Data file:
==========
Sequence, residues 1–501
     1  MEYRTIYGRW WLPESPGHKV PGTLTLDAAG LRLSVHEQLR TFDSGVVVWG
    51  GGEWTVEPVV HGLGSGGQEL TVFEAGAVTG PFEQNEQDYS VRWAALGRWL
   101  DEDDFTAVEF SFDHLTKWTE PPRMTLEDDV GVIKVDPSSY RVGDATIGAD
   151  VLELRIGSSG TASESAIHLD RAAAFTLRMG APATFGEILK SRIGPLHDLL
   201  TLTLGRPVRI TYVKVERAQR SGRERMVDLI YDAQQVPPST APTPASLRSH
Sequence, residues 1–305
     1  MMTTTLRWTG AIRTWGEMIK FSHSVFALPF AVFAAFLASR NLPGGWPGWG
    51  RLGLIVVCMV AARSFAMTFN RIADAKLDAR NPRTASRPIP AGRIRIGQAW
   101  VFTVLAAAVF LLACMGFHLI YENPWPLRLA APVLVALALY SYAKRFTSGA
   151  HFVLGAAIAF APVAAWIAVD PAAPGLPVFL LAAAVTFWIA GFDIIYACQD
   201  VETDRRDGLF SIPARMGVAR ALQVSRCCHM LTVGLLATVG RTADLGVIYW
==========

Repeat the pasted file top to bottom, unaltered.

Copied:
Sequence, residues 1–501
     1  MEYRTIYGRW WLPESPGHKV PGTLTLDAAG LRLSVHEQLR TFDSGVVVWG
    51  GGEWTVEPVV HGLGSGGQEL TVFEAGAVTG PFEQNEQDYS VRWAALGRWL
   101  DEDDFTAVEF SFDHLTKWTE PPRMTLEDDV GVIKVDPSSY RVGDATIGAD
   151  VLELRIGSSG TASESAIHLD RAAAFTLRMG APATFGEILK SRIGPLHDLL
   201  TLTLGRPVRI TYVKVERAQR SGRERMVDLI YDAQQVPPST APTPASLRSH
Sequence, residues 1–305
     1  MMTTTLRWTG AIRTWGEMIK FSHSVFALPF AVFAAFLASR NLPGGWPGWG
    51  RLGLIVVCMV AARSFAMTFN RIADAKLDAR NPRTASRPIP AGRIRIGQAW
   101  VFTVLAAAVF LLACMGFHLI YENPWPLRLA APVLVALALY SYAKRFTSGA
   151  HFVLGAAIAF APVAAWIAVD PAAPGLPVFL LAAAVTFWIA GFDIIYACQD
   201  VETDRRDGLF SIPARMGVAR ALQVSRCCHM LTVGLLATVG RTADLGVIYW